The second last symposium/lecture of the course discussed the origins of the internet, patents, democracy and the internet, and social manners.
I found the first question the most interesting and thought provoking: ‘Why didn’t Tim Berners-Lee patent the web?’.
Most of the answers revolved around the fact that Berners-Lee at a utopian-like view of what the internet could be: an open, universal and free network. Claiming a patent, something that is intended to control and monetize things, would be in direct conflict with these ideals.
Adrian also identified the ‘gift economy’ that the internet is based on, where people freely gift things with no assumption of getting something in return. This was seen from the vert start of the internet, with the American government paying for the research of the internet that is now freely used by anyone that can access it.
Adrian also detailed how the entire infrastructure of the internet is treated as a public good: no-one can actually own it.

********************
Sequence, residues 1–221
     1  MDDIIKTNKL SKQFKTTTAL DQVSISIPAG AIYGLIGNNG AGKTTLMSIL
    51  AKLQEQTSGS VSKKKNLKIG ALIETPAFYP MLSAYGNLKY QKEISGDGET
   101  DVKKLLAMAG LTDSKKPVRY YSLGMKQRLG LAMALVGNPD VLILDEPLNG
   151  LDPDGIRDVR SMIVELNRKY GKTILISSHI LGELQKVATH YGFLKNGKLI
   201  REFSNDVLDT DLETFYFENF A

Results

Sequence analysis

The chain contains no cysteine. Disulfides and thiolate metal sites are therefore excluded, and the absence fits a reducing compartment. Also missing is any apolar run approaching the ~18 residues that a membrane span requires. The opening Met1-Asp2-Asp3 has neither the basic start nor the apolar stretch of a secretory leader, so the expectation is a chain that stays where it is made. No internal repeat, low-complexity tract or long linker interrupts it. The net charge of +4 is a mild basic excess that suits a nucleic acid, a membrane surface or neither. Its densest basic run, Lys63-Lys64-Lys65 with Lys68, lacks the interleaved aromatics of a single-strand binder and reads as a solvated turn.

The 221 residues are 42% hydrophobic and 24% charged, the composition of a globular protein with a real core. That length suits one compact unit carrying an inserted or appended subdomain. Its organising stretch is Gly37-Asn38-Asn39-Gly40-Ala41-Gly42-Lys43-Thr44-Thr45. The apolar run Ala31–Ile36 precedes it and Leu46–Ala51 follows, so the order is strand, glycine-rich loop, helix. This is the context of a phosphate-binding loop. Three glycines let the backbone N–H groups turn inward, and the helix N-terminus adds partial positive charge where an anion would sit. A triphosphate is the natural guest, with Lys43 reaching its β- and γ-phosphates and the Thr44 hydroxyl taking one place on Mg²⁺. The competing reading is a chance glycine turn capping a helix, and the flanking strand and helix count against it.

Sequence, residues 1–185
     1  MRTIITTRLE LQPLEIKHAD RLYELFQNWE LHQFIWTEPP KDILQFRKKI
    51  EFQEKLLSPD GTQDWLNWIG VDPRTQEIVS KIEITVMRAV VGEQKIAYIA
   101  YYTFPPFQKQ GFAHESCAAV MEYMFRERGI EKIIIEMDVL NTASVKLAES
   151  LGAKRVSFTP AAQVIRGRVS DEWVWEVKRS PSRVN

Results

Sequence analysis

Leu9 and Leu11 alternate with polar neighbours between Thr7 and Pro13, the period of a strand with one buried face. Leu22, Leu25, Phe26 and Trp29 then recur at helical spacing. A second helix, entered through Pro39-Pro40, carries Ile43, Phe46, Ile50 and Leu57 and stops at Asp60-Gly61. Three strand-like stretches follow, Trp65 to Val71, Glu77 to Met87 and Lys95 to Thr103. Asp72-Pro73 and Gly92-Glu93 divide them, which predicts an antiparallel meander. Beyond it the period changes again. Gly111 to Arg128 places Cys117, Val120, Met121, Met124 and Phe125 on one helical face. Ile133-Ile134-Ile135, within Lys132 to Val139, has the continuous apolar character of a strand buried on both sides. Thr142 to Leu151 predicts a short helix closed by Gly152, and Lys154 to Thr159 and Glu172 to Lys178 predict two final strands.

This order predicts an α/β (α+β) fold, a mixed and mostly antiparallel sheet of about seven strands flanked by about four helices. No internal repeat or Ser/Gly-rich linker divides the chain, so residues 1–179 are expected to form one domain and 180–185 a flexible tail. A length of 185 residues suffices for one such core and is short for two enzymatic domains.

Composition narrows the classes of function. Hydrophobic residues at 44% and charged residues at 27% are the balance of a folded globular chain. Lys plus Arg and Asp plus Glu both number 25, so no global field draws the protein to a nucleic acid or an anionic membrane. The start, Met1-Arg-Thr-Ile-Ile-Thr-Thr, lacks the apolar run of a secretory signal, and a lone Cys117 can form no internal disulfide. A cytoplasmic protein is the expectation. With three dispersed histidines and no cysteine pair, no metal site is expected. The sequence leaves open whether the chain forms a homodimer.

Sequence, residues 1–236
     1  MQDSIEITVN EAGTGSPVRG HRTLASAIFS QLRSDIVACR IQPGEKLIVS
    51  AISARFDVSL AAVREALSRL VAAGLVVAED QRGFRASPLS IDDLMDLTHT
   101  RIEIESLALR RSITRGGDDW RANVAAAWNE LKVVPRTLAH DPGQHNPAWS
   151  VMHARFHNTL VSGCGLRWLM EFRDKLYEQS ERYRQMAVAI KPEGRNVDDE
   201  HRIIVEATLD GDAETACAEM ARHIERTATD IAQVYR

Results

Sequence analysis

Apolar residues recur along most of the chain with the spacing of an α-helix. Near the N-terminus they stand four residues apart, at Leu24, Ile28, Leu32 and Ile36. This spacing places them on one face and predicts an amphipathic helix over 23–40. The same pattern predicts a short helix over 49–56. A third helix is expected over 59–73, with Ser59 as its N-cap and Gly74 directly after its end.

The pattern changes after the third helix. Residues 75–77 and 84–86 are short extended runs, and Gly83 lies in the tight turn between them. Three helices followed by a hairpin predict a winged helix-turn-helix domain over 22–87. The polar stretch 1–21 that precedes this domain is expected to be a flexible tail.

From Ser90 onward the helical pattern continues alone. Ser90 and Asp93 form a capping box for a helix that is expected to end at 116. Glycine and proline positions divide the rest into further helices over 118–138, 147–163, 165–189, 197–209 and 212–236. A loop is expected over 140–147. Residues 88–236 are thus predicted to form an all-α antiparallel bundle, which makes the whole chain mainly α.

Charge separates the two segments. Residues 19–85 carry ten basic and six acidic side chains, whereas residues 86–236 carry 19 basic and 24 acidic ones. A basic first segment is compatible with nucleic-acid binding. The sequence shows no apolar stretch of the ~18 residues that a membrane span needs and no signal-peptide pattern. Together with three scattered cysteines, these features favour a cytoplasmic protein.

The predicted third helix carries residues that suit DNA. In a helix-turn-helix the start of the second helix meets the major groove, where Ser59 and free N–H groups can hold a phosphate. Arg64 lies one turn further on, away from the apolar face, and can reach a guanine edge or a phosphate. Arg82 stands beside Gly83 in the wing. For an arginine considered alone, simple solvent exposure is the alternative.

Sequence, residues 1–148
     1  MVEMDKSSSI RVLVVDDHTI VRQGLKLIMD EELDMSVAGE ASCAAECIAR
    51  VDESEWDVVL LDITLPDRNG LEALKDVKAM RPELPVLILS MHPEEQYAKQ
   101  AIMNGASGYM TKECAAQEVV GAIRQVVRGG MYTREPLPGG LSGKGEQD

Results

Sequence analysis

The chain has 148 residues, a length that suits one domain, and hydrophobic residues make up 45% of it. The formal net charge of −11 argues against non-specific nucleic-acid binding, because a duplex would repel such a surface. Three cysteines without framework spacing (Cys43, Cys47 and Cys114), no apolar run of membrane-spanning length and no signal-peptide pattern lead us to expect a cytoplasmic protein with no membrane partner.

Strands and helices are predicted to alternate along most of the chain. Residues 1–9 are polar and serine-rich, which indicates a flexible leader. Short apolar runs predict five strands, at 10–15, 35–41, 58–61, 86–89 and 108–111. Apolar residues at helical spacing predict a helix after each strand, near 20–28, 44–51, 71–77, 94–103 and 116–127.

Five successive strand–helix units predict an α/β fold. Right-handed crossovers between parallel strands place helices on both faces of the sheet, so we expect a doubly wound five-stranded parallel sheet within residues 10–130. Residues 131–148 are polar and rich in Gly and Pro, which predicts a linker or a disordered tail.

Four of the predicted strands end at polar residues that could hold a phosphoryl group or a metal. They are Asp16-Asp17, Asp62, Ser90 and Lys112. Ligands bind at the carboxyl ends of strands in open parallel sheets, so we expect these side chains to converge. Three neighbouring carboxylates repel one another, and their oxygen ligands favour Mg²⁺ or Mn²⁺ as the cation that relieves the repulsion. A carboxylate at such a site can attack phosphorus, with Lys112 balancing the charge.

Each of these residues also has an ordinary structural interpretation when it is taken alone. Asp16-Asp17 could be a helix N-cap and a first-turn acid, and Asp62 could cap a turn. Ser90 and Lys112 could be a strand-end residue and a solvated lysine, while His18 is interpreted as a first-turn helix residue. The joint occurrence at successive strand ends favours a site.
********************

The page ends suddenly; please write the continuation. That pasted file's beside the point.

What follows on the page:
Wikipedia is probably the best and simplest notion of the ‘gift economy’. All of its content is contributed by individuals for free, with no expectations of getting anything in return, and it is now one of the huge ‘hubs’ of the internet network.
The idea that most interested me out of this lecture was what the internet would have looked like today if Tim Berners-Lee had in fact patented the web back in 1989.
I found this interesting article from TechDirt that addresses this scenario, and presents an unsettling scenario where the Internet is more of a commodity, something that is own and run by large, wealthy companies.
If it had been patented, the internet may well have been a much more strictly controlled realm largely run be large corporations, rather than by individuals and ideas as it is now.
The level of innovation that the internet encourages and nurtures would also be drastically limited, mainly to just the ideas of the big players, which isn’t usually where the most interesting ideas come from.
Google and some social networks also may never have taken off, due mainly to the legal constraints and limited nature of hypertext and the network.
As the article states, “the use of the internet would be more ‘consumption’ than ‘communication'”. If it had been patented by Tim Berners-Lee, we wouldn’t see the revolutionary, two-way system of reciprocative communciation that we do today.
In fact, if Sir Tim Berners-Lee had decided to patent his creation, the World Wide Web, we probably wouldn’t be participating in a course called ‘Networked Media’.